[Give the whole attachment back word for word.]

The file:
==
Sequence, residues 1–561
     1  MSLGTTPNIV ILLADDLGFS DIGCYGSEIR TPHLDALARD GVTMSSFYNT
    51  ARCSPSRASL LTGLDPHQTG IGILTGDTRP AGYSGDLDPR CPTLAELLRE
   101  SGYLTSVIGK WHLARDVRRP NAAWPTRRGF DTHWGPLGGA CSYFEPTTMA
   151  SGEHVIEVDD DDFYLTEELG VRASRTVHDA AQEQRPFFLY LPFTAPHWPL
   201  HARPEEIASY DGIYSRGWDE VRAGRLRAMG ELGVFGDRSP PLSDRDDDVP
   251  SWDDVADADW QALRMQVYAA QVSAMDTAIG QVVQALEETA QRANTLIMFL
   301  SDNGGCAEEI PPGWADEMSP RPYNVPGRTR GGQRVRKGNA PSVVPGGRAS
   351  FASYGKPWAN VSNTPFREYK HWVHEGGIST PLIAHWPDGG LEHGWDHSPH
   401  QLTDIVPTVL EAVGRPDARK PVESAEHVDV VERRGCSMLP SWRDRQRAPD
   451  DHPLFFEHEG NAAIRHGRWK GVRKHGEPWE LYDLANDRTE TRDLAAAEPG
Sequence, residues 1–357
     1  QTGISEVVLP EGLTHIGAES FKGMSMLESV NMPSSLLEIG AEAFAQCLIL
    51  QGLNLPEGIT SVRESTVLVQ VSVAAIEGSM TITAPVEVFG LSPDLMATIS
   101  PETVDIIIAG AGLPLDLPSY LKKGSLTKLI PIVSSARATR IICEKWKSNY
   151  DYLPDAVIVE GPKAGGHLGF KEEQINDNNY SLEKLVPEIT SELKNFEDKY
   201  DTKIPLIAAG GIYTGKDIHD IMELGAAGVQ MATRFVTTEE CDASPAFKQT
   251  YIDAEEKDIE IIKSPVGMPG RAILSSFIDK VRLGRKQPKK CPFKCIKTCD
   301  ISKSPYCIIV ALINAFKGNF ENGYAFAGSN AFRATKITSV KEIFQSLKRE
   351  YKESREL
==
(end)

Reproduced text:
Sequence, residues 1–561
     1  MSLGTTPNIV ILLADDLGFS DIGCYGSEIR TPHLDALARD GVTMSSFYNT
    51  ARCSPSRASL LTGLDPHQTG IGILTGDTRP AGYSGDLDPR CPTLAELLRE
   101  SGYLTSVIGK WHLARDVRRP NAAWPTRRGF DTHWGPLGGA CSYFEPTTMA
   151  SGEHVIEVDD DDFYLTEELG VRASRTVHDA AQEQRPFFLY LPFTAPHWPL
   201  HARPEEIASY DGIYSRGWDE VRAGRLRAMG ELGVFGDRSP PLSDRDDDVP
   251  SWDDVADADW QALRMQVYAA QVSAMDTAIG QVVQALEETA QRANTLIMFL
   301  SDNGGCAEEI PPGWADEMSP RPYNVPGRTR GGQRVRKGNA PSVVPGGRAS
   351  FASYGKPWAN VSNTPFREYK HWVHEGGIST PLIAHWPDGG LEHGWDHSPH
   401  QLTDIVPTVL EAVGRPDARK PVESAEHVDV VERRGCSMLP SWRDRQRAPD
   451  DHPLFFEHEG NAAIRHGRWK GVRKHGEPWE LYDLANDRTE TRDLAAAEPG
Sequence, residues 1–357
     1  QTGISEVVLP EGLTHIGAES FKGMSMLESV NMPSSLLEIG AEAFAQCLIL
    51  QGLNLPEGIT SVRESTVLVQ VSVAAIEGSM TITAPVEVFG LSPDLMATIS
   101  PETVDIIIAG AGLPLDLPSY LKKGSLTKLI PIVSSARATR IICEKWKSNY
   151  DYLPDAVIVE GPKAGGHLGF KEEQINDNNY SLEKLVPEIT SELKNFEDKY
   201  DTKIPLIAAG GIYTGKDIHD IMELGAAGVQ MATRFVTTEE CDASPAFKQT
   251  YIDAEEKDIE IIKSPVGMPG RAILSSFIDK VRLGRKQPKK CPFKCIKTCD
   301  ISKSPYCIIV ALINAFKGNF ENGYAFAGSN AFRATKITSV KEIFQSLKRE
   351  YKESREL